In other words, he asks us not to treat our actions as a means to accomplish our selfish desires. The second part emphasizes the necessity of the recognition of Baha’u’llah and attaining the good pleasure of God as the supreme authentic end of spiritual people. From a Baha’i perspective, these two parts form the inseparable twin elements of spiritual self-realization.
Baha’u’llah mentions that human action should not be a means for attaining selfish desires. Instead, he outlines an ethical basis of behavior as universalistic, based on good will, and aiming to serve the human race and all beings. In this sense we can see that Baha’u’llah’s pronouncement has strong affinity with the famous ethical maxim of the 18th century German philosopher Immanuel Kant, who said that one should act towards others as ends in themselves rather than a mere means for one’s own ends. In Kantian philosophy, humans are members of the kingdom of ends, while nature is the kingdom of appearance. Kantian philosophy endows only humans with moral rights.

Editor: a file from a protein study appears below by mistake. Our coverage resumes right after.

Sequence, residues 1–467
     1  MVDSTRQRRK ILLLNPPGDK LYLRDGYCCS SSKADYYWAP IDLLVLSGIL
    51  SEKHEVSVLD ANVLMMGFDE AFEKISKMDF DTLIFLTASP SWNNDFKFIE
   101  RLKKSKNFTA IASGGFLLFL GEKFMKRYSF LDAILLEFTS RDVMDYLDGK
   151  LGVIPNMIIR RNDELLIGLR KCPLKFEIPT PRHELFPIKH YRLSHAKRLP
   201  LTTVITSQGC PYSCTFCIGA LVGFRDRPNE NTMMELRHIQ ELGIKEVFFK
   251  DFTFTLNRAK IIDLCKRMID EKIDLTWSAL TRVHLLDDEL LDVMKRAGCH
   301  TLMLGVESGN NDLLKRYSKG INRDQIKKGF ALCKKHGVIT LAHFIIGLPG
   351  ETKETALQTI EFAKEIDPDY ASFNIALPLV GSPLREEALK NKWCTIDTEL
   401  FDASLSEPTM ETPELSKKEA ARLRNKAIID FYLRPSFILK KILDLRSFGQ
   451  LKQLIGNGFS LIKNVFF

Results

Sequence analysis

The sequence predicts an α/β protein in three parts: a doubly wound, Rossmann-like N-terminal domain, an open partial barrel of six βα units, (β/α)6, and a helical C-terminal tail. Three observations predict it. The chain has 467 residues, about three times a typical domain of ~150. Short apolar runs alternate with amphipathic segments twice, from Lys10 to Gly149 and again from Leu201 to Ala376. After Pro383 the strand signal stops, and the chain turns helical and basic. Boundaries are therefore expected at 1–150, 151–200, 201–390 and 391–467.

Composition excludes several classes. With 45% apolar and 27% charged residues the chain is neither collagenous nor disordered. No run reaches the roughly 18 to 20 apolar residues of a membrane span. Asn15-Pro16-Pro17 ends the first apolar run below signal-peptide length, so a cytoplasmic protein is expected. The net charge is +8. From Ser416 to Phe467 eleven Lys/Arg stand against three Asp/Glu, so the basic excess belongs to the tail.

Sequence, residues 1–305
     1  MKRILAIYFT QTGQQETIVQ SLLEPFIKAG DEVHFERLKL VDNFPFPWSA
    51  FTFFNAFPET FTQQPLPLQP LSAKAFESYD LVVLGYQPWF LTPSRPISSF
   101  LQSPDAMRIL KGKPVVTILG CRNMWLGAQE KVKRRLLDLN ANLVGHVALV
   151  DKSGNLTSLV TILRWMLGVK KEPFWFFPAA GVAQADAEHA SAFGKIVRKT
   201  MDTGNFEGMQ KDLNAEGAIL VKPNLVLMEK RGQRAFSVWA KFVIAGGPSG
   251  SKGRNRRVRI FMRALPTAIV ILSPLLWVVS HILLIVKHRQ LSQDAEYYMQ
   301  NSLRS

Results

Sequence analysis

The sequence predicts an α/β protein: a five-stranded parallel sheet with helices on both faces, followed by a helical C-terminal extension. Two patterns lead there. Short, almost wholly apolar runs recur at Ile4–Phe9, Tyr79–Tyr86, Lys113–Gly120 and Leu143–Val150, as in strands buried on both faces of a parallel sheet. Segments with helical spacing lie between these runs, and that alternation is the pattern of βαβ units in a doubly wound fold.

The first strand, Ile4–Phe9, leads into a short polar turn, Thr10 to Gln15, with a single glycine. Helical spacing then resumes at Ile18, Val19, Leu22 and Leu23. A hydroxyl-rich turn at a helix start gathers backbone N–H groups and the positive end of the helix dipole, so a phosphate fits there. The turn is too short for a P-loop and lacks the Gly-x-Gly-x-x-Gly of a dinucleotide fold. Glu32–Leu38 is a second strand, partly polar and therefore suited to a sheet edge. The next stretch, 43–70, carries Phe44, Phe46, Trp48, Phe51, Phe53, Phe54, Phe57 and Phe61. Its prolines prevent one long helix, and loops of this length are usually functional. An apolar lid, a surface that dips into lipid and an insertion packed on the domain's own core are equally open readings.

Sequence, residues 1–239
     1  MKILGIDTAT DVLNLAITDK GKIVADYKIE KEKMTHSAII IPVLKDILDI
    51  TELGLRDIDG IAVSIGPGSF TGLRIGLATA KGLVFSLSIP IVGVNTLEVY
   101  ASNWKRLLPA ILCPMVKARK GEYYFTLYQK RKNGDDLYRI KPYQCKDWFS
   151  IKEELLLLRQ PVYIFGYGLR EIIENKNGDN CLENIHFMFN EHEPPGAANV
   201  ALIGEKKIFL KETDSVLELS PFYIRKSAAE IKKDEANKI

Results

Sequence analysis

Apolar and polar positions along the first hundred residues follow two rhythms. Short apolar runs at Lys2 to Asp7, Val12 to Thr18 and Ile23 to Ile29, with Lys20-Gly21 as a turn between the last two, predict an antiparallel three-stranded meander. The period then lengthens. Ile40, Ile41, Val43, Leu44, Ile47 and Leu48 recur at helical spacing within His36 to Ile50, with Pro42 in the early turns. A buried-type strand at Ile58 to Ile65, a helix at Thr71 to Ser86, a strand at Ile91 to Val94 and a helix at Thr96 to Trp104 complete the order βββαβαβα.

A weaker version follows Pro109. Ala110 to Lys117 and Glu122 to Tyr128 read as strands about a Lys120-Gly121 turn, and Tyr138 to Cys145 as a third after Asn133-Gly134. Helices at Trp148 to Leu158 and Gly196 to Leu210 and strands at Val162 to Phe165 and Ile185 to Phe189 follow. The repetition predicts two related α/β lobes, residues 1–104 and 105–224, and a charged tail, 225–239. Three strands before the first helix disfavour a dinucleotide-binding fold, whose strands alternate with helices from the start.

Despite their partial affinity, Baha’u’llah’s teachings depart from some aspects of Kant’s philosophy. Baha’u’llah not only affirms the spiritual nobility of each human being, he also defines all reality as reflections and manifestations of divine names and attributes. His philosophy is a philosophy of revelation, where the truth is revealed in the divine attributes of the Creator.
On the first Day of Ridvan, when he announced his revelation, Baha’u’llah spoke of God revealing all his names and attributes, at that moment, to all beings, to both humans and nature. All living beings, therefore, are endowed with moral rights.
Despite his lofty and beautiful moral statement, in his writings Kant said offensive things about women and Africans. These were common cultural prejudices of the time, and it is not surprising that he would fail to question them. Baha’u’llah’s Faith, however, announces equal rights for men and women, abolishing all prejudices, forbidding slavery, and affirming the oneness of humanity as its central principles.
Doing God’s Good Pleasure
If the end of human actions should not be rooted in selfish desires, the Baha’i teachings point out that their true goal should be attaining the pleasure of God, manifested in the recognition of the messenger of God in this age, namely Baha’u’llah. This second part of Baha’u’llah’s statement affirms the inseparable connection between the recognition of God and ethical action grounded in love.